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Tuesday, July 17, 2012
Brussels to Investigate Microsoft's Browser Choice Commitments

The European Commission (EC) has opened proceedings against Microsoft in order to investigate whether the company has failed to comply with its 2009 commitments to offer users a choice screen enabling them to easily choose their preferred web browser.

The EC believes that Microsoft may have failed to roll out the choice screen with Windows 7 Service Pack 1, which was released in February 2011. This is despite the fact that, in December 2011, Microsoft indicated in its annual compliance report to the EC that it was in compliance with its commitments. From February 2011 until today, millions of Windows users in the EU may have not seen the choice screen. Microsoft has recently acknowledged that the choice screen was not displayed during that period.

"We take compliance with our decisions very seriously. And I trusted the company's reports were accurate. But it seems that was not the case, so we have immediately taken action. If following our investigation, the infringement is confirmed, Microsoft should expect sanctions", said Joaqu?n Almunia, Vice President of the Commission in charge of competition policy.

On 16 December 2009, the EC made legally binding on Microsoft commitments offered by the US software company to address competition concerns the Commission had identified. These concerns related to the tying of Microsoft's web browser, Internet Explorer, to its dominant client PC operating system, Windows. Specifically, Microsoft committed to make available for five years in the European Economic Area a "Browser Choice Screen" (BCS) enabling users of Windows to choose in an informed and unbiased manner which web browser(s) they wanted to install in addition to, or instead of, Microsoft's web browser. The choice screen was provided as of March 2010 to European Windows users who have Internet Explorer set as their default web browser.

The EC will now investigate whether Microsoft has failed to comply with its commitments, in particular the commitment to provide a browser choice screen to Windows 7 users.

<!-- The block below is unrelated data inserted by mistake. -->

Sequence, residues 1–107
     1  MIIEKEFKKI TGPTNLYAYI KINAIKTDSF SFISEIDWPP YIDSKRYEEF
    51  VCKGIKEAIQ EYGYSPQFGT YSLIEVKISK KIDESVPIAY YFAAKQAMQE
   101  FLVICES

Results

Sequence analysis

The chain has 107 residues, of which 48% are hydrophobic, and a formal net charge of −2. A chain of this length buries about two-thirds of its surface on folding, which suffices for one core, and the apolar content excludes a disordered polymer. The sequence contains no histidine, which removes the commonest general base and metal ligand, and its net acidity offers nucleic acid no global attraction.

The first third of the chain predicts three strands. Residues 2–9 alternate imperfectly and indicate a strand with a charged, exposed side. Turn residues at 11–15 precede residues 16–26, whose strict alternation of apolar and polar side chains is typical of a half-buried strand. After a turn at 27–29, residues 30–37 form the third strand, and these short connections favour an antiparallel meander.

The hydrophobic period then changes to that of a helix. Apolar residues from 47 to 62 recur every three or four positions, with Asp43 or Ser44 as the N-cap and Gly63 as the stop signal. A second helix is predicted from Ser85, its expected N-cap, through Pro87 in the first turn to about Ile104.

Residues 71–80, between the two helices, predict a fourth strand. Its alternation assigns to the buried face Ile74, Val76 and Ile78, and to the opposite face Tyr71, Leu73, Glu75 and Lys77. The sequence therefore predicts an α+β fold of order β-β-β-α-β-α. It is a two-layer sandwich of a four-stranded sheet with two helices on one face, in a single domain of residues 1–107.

Microsoft admitted that it has fallen short in its responsibility to do this. "Due to a technical error, we missed delivering the BCS software to PCs that came with the service pack 1 update to Windows 7. The BCS software has been delivered as it should have been to PCs running the original version of Windows 7, as well as the relevant versions of Windows XP and Windows Vista," Microsoft said.

As the BCS were not being displayed on some PCs, Microsoft developed a software fix, which the company expects to be distributed to all the the PCs by the end of the week.

Microsoft uses its Windows Update service to send the BCS software to Windows-based PCs. Once installed, the BCS software checks to see if Internet Explorer is the default browser and, if it is, the BCS is displayed to the user. The Windows Update system uses "detection logic" to determine which software updates (such as the BCS) to distribute to which PCs.

Since most computer users run earlier versions of Windows, Microsoft estimates that the BCS software was properly distributed to about 90% of the PCs that should have received it. "We recognize, however, that our obligation was to distribute the BCS to every PC that should have received it," Microsoft said. "Therefore, we have moved as quickly as we can to address the error and to provide a full accounting of it to the Commission."

Background information

In 2004 the EC adopted a decision requiring Microsoft to disclose complete and accurate interoperability information to developers of work group server operating systems (file, print and network servers) on reasonable terms so that they could interoperate with Microsoft's dominant PC operating system Windows. The decision also found that the tying of the Windows Media Player to the Windows operating system was an abuse of a dominant position. The Commission imposed a fine of EUR 497 million.

In July 2006 the Commission imposed on Microsoft a first penalty payment of EUR 280.5 million for non-compliance with its obligations under the 2004 decision concerning the completeness and accuracy of the interoperability information. This was the first time that the Commission had ever imposed a penalty payment for non-compliance.

In 2008 the Commission imposed on Microsoft a second penalty payment of €899 million, for non-compliance with its obligations under the 2004 decision concerning the level of royalties for this interoperability information. On 27 June 2012 the General Court upheld this Commission decision. It however reduced the penalty payment to EUR 860 million.

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